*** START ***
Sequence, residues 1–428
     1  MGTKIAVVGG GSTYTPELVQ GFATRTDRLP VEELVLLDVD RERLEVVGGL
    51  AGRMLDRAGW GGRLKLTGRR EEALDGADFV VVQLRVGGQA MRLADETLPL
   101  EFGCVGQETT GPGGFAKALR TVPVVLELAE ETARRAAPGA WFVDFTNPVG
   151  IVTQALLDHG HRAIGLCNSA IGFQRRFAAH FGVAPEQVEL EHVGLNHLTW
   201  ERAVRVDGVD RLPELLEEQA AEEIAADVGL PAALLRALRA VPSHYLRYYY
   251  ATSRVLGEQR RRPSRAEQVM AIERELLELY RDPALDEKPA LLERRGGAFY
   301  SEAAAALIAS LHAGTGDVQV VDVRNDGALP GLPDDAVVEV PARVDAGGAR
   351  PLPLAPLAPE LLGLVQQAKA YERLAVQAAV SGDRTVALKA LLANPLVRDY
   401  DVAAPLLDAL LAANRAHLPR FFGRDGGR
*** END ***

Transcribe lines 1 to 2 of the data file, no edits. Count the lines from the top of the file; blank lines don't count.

Sequence, residues 1–428
     1  MGTKIAVVGG GSTYTPELVQ GFATRTDRLP VEELVLLDVD RERLEVVGGL